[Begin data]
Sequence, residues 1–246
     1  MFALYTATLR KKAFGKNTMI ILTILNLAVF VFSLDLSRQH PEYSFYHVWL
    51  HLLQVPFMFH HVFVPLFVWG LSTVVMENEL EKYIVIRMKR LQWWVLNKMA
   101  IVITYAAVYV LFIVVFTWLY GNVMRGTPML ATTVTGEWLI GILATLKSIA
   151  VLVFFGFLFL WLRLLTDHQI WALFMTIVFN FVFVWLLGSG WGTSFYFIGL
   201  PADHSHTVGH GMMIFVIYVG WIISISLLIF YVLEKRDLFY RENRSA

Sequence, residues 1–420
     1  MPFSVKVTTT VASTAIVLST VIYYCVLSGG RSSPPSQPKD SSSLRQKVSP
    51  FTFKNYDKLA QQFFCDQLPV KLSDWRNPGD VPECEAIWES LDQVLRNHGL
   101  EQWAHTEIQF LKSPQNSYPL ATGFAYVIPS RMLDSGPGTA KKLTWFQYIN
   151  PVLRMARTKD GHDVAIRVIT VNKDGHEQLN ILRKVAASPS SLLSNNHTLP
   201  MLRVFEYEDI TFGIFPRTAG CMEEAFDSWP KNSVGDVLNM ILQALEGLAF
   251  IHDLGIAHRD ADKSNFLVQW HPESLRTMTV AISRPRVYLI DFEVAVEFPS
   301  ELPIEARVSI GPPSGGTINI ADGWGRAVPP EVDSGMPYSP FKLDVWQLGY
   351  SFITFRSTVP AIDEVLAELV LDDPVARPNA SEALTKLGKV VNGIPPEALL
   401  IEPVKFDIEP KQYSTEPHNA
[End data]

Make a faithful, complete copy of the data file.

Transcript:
Sequence, residues 1–246
     1  MFALYTATLR KKAFGKNTMI ILTILNLAVF VFSLDLSRQH PEYSFYHVWL
    51  HLLQVPFMFH HVFVPLFVWG LSTVVMENEL EKYIVIRMKR LQWWVLNKMA
   101  IVITYAAVYV LFIVVFTWLY GNVMRGTPML ATTVTGEWLI GILATLKSIA
   151  VLVFFGFLFL WLRLLTDHQI WALFMTIVFN FVFVWLLGSG WGTSFYFIGL
   201  PADHSHTVGH GMMIFVIYVG WIISISLLIF YVLEKRDLFY RENRSA

Sequence, residues 1–420
     1  MPFSVKVTTT VASTAIVLST VIYYCVLSGG RSSPPSQPKD SSSLRQKVSP
    51  FTFKNYDKLA QQFFCDQLPV KLSDWRNPGD VPECEAIWES LDQVLRNHGL
   101  EQWAHTEIQF LKSPQNSYPL ATGFAYVIPS RMLDSGPGTA KKLTWFQYIN
   151  PVLRMARTKD GHDVAIRVIT VNKDGHEQLN ILRKVAASPS SLLSNNHTLP
   201  MLRVFEYEDI TFGIFPRTAG CMEEAFDSWP KNSVGDVLNM ILQALEGLAF
   251  IHDLGIAHRD ADKSNFLVQW HPESLRTMTV AISRPRVYLI DFEVAVEFPS
   301  ELPIEARVSI GPPSGGTINI ADGWGRAVPP EVDSGMPYSP FKLDVWQLGY
   351  SFITFRSTVP AIDEVLAELV LDDPVARPNA SEALTKLGKV VNGIPPEALL
   401  IEPVKFDIEP KQYSTEPHNA